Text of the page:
Bomberman: The (un)Official Strategy Guide

May 22, 2019

21 minute read

Max Gilmore

For the past month, I've been shouting from the rooftops about the power of , and how much this peaceful golem propelled Bomberman into what I believe is the best deck in the format.

If you need a little bit of catching up on all the things Karn, the Great Creator can do in Legacy, or how Bomberman works, click this link to my article a few weeks ago, titled "Total Karnage."

Here is my current decklist for White Bomberman:

W Bomberman

Now that we're all up to speed, I wanted to get a little more in depth about Bomberman, including why I believe the deck is so good.

The Many Ways to Bomberman

Bomberman's power comes from its flexibility. It can reliably win in one of 5 ways:

1: + to generate an arbitrarily large amount of mana, to then return and cast a lethal . If a is not available, you can draw 15-30 cards by repeatedly recurring a or , learning a lot about the top of your opponent's deck or their hand in the process. The card draw should make it trivial to win on your next turn.

2: + noncreature spells. or are great "slow-trips" to trigger and grow the Mentor, creating an army in no time. An unanswered can easily become too much for many decks in Legacy to answer, and this deck can reliably cast the Mentor on Turn 2, sometimes even Turn 1. On this note, it is sometimes better to wait a turn on the Mentor if doing so enables you to cast your 0-cost artifacts after the Mentor is in play.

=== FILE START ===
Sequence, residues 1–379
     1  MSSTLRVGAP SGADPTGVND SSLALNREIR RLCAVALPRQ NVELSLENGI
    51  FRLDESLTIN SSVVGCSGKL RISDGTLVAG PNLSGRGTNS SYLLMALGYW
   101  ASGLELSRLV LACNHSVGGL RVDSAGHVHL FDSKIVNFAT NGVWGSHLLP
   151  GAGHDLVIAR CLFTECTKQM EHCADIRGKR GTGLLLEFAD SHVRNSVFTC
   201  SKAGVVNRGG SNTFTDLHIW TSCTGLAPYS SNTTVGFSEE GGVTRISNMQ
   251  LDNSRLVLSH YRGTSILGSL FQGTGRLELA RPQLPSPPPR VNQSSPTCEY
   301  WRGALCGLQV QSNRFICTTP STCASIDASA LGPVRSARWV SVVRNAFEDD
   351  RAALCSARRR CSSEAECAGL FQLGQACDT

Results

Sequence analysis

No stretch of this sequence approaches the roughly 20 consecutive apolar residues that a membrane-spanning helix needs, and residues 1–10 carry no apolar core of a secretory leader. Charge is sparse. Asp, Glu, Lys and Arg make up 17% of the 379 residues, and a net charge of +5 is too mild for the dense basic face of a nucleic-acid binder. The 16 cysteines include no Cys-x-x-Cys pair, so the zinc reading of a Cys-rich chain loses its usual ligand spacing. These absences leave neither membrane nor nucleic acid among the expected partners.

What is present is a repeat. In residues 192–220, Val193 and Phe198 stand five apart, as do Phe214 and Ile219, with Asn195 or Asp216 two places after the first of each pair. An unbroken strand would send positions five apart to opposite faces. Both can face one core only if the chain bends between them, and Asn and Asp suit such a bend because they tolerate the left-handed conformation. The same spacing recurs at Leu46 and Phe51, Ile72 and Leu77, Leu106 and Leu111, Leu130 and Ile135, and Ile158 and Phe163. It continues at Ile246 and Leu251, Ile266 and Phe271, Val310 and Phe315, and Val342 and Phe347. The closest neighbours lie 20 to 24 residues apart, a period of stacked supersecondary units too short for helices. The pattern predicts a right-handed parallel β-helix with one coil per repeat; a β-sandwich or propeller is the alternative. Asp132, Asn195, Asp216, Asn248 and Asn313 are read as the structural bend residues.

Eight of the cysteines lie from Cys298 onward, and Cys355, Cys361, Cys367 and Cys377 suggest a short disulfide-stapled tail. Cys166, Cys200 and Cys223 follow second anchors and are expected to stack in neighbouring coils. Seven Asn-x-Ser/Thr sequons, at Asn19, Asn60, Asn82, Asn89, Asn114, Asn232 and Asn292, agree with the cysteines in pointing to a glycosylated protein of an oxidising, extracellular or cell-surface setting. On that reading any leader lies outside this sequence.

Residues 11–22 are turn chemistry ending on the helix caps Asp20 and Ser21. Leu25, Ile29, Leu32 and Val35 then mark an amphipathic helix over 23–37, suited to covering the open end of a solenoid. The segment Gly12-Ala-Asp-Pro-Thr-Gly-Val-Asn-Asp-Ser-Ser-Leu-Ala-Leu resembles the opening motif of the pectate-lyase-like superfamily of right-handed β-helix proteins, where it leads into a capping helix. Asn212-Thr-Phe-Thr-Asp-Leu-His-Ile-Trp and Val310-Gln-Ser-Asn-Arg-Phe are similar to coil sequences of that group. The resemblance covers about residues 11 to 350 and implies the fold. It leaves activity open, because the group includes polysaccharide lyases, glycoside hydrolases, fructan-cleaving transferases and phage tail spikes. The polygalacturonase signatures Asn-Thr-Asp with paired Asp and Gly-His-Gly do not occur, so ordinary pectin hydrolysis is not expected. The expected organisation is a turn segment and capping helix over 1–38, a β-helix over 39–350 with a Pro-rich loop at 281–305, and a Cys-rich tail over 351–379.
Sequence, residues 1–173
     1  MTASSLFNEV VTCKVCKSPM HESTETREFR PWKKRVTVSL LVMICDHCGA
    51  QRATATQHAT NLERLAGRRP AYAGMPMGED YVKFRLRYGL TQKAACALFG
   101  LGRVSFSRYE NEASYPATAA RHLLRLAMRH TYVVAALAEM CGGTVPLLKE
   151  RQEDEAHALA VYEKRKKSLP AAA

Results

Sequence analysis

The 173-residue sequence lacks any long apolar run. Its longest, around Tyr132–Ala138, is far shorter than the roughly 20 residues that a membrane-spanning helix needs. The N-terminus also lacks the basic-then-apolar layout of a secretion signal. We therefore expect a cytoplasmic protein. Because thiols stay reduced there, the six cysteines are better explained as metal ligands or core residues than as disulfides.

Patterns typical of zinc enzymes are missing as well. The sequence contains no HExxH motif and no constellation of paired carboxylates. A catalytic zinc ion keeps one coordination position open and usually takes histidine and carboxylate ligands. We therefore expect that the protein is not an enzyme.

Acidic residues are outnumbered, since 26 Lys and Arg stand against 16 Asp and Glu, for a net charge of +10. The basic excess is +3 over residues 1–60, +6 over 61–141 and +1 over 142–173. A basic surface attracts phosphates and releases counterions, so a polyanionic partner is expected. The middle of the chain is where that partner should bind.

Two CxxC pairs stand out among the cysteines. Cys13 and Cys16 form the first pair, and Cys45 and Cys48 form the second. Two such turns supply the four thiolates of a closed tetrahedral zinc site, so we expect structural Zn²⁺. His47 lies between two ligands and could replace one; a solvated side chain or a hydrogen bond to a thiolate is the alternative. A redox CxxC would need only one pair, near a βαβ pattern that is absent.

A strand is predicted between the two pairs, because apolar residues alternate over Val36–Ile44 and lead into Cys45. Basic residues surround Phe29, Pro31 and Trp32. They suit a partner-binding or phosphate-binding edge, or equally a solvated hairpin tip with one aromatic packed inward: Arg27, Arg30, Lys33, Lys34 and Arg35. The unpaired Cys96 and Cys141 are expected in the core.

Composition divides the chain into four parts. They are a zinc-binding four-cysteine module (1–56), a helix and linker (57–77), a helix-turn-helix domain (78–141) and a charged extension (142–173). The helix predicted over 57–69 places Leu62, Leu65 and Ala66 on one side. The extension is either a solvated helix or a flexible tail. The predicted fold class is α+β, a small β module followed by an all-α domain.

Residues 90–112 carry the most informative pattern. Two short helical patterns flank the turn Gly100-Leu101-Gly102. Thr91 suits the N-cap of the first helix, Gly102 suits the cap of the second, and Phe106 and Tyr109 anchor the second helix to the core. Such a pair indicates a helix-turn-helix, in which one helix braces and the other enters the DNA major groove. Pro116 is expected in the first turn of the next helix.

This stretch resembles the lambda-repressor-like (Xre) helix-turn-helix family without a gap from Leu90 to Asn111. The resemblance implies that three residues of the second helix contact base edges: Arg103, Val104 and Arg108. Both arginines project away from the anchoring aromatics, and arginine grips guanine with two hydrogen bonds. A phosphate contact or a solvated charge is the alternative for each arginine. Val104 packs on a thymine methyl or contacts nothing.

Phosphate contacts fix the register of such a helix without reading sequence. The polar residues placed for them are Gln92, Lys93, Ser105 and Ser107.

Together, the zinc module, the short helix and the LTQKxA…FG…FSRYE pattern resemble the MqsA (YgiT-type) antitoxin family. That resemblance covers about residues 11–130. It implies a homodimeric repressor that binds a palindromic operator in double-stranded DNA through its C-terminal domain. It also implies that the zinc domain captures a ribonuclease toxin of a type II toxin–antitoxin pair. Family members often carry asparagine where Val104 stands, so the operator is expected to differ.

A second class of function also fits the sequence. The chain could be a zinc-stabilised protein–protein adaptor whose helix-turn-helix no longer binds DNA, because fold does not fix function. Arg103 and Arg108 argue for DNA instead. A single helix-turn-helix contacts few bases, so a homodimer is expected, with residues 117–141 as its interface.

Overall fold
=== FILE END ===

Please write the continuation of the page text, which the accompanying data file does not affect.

3: "Karnstruct" beatdowns. See below.


“Casual 15 power on Turn 2” - Julian Knab


Callum Smith, responding to Julian: “Cute”

4: While isn't quite as good at making 40 power by Turn 3, it's just as good at ending the game by then. Thanks to , Bomberman is particularly good at being able to cast a fast to prevent your opponent from casting spells anymore. The nut draw of or , 2x , , and 2x is a Turn 1 Lattice Lock, on 6 cards! The less broken draws involve a Turn 2 , tutoring for a , and then grabbing the to win next turn. On top of that line, you have access to tutoring both halves of the combo, by getting and/or over two turns, or tutoring for or when those cards are situationally necessary to prevent losing.

5: It's easy to forget, but this is a deck! And not just any Chalice deck, mind you. Between the 8 Sol Lands, 4 , and 4 , this deck is actually better at casting a Turn 1 for 1 than any other deck in Legacy. Most other Chalice decks in Legacy have this as their Plan A. For Bomberman, it's just one of a plethora of broken plays. Turn 1 followed by a Turn 2 , , or either Karn is a very common sequence of plays. If your got hit by a , the chances are much higher that your is going to stick.

A Small Aside...

Bomberman, unlike most other decks, is really hard to play optimally. While many people relish in the knowledge that their deck is tough to pilot, I want to unequivocally state: a deck being hard to play is not upside. You do not get extra points for playing a hard deck.

With that out of the way, we can also address the opposite side of the coin: there is significant upside in playing a deck that is hard to play against.

Bomberman checks both of these boxes, and is also high enough in raw power that you can still misplay your way to wins (unlike, say, ).

Tips & Tricks

To facilitate the learning process, here are a bunch of little tips and tricks with Bomberman:

  • Use before wishing with , and you will have the mana in your pool before the wish resolves (obvious but worth stating)